The name “Smeerenburg” means “Blubber Town”. Its whaling station served as the main base for Dutch whaling in the first half of the 17th century, which was the period when whale hunting was still happening along the coastline and in the fjords of Svalbard. Smeerenburg is situated on the island of Amsterdamøya, surrounded by fjords, tall glacier fronts and steep, rugged mountains. The most obvious sign of its days as a whaling station are the large cement-like remains of blubber from ovens where the blubber was boiled. The rest of the old Smeerenburg has largely disappeared under layers of sand.
Woodfjorden, Liefdefjorden and Bockfjorden
Located along the north coast, Woodfjorden, Liefdefjorden and Bockfjorden are rarely-visited places. This is the land of contrasts. By the large, flat Reinsdyrflya there is a great fjord system that stretches towards several mountain ridges of varying shapes and ages, including alpine summits of very old granite, majestic red mountains of Devonian sandstone, cone-shaped remnants of three volcanoes and even hot springs. Large glacier fronts calve in the sea, while polar bears are busy hunting for ringed seals and sweeping the islets for birds’ eggs. Walk on smooth raised beach terraces to a superb viewpoint or hike in the mountains on the tundra where pretty brightly colored wildflowers and lichen grow and where reindeer graze. You may visit trapper huts of yesteryear where Russians Pomors would hunt and survive the cold harsh winters, all while remaining alert for wandering polar bears and their cubs.
Nordaust-Svalbard Nature Reserve
Nordaust-Svalbard Nature Reserve is the most high-Arctic part of Svalbard. The fjords are covered in ice, and drift ice floats around the islands for most of the year. Glaciers cover large areas of the terrain. This is the kingdom of the polar bear and walrus. It has been protected as a nature reserve since 1973.
Nordaustlandet is the second largest island in Svalbald. It is part of Nordaust-Svalbard Nature Reserve. The two large ice sheets of Austfonna and Vestfonna cover large areas of the island. The landscape is open and majestic with different types of landscapes, from the prominent fjords in the west and north to the massive glacier front facing east and south. From a distance, Nordaustlandet appears cold, unfriendly and unproductive. However, many places are unexpectedly lush, especially close to the bird cliffs.
The vegetation on land and the production in the sea have together formed a foundation for the terrestrial and marine wildlife, creating hunting opportunities for people. There are fewer signs of human activity on Nordaustlandet than in the rest of Svalbard, although there are cultural remains from Russian and Norwegian overwintering trapping, from scientific research and expeditions and from World War II. A research station in Kinnvika in Murchisonfjorden dates from the International Geophysical Year 1957-1958. A wartime memory can also be found on Nordaustlandet in the form of Station Haudegen, the German weather station in Rijpfjorden. There is a traffic ban in the near vicinity of this station. And it was on the island of Kvitøya that the story of the Andrée expedition and its mysterious disappearance and tragic end were finally unraveled.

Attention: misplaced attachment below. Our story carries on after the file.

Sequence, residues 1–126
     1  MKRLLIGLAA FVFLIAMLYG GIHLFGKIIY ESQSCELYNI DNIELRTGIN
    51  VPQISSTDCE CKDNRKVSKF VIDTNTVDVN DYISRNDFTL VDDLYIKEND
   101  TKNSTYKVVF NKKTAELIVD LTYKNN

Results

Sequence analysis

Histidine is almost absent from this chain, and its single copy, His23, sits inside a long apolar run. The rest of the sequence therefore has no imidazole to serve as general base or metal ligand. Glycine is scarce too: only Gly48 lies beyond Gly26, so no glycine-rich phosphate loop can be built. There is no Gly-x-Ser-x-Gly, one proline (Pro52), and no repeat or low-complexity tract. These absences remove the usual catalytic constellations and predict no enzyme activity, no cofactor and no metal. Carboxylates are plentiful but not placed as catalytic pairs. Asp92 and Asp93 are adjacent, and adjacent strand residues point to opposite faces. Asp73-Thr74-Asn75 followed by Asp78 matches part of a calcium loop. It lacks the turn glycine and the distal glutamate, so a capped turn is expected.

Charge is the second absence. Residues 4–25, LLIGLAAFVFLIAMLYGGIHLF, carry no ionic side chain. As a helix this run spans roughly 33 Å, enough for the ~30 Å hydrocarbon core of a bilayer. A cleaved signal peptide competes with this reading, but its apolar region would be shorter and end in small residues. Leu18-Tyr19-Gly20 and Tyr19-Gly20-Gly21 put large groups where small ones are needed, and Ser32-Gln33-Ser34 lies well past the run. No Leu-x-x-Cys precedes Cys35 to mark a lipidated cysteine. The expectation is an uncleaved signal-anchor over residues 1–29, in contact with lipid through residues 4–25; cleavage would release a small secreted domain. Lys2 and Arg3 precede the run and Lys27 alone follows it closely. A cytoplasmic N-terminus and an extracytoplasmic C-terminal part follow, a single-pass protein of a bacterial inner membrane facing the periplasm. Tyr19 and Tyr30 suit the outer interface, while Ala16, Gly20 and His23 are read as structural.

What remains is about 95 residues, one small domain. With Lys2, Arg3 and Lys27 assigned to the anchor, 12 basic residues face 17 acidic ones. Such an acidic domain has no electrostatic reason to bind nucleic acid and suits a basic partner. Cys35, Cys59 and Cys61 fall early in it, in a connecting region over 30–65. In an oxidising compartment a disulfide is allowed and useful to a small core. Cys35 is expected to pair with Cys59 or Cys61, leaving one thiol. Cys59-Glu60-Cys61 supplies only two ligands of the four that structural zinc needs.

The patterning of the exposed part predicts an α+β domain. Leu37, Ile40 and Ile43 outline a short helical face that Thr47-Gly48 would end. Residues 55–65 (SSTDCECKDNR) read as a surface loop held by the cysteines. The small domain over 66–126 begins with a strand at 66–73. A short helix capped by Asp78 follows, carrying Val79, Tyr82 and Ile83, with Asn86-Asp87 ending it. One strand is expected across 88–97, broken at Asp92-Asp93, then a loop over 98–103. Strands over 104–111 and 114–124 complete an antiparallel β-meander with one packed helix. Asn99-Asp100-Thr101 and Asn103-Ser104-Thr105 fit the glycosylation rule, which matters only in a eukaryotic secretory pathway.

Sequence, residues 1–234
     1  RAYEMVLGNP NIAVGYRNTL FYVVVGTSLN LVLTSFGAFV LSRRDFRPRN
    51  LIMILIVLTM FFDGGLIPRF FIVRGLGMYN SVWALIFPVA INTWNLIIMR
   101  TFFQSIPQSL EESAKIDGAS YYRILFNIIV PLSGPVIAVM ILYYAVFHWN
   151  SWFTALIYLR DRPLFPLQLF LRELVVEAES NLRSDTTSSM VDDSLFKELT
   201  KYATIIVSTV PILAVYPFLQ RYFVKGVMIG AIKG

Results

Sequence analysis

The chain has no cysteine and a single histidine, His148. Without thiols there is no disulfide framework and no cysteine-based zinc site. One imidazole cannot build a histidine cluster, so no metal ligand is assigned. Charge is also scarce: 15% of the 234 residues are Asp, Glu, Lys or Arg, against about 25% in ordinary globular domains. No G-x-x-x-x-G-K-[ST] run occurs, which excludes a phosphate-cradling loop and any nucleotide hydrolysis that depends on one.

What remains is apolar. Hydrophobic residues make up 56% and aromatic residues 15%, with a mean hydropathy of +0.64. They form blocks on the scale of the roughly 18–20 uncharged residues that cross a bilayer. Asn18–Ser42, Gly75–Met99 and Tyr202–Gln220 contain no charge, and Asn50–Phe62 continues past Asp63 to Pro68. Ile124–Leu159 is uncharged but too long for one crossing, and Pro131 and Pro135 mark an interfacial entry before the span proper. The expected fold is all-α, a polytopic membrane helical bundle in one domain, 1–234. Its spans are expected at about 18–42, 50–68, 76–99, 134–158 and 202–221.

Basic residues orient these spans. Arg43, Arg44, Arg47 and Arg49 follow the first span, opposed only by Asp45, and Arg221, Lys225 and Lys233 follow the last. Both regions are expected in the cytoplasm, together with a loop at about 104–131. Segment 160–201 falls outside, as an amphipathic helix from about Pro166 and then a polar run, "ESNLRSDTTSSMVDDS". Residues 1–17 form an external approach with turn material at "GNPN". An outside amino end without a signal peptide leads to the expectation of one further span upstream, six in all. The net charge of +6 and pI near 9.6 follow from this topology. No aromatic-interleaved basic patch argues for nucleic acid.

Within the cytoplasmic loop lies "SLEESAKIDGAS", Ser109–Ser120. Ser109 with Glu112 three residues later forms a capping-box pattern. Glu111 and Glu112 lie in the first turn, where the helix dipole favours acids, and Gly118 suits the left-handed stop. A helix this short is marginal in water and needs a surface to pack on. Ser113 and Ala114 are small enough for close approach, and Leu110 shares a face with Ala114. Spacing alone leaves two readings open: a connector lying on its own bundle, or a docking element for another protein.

Moffen Island is situated directly north of 80°N. After the near-extinction of walrus in Svalbard in the middle of the 20th century, Moffen Island played an important role in re-establishing the species here, a process which is still going on. Today, there are often larger numbers of walrus hauled out at the southern tip of the island. This is the reason why Moffen is protected. Approach during the summer (15th May to 15th September) is limited to a minimum distance of 1,640 feet.
Sjuøyane (Seven Islands)
In the very north of Svalbard, in the ocean north of Nordaustlandet, is the little archipelago of Sjuøyane (the seven islands), with its characteristically hat-shaped mountains. The hard granite mountains have acquired a green covering of moss due to thousands of breeding seabirds. Walrus dive for clams in the waters between the islands and in the bays. Most of the islands have been named after the English North Pole expeditions led by Phipps (1773) and Parry (1827). Sjuøyane are located at about 80°45?N. The mountains, of gneiss and granites, are tied together by plains created by deposits, which have given the islands their large, semi-circular bays. In general the sparse vegetation belongs to the Arctic polar desert zone. However, fertilization by bird droppings provide a breeding ground for mosses and scurvygrass (Cochlearia groenlandica), which give some of the mountains their characteristic greenish color.
When the ice breaks up around Sjuøyane and the first seabirds return in April–May, the islands wake again after a long winter, during which the only wildlife is the odd polar bear, arctic fox, reindeer and walrus. There is a large number of bird cliffs in Sjuøyane, scattered around most of the islands. Little auks come in the largest numbers, but there are also several smaller colonies of puffins and Brünnich’s guillemots. Common guillemots nest scattered around the islands. One of the few known colonies of ivory gulls can be found on Phippsøya. Ivory gulls are categorized as listed as a Near Threatened Species.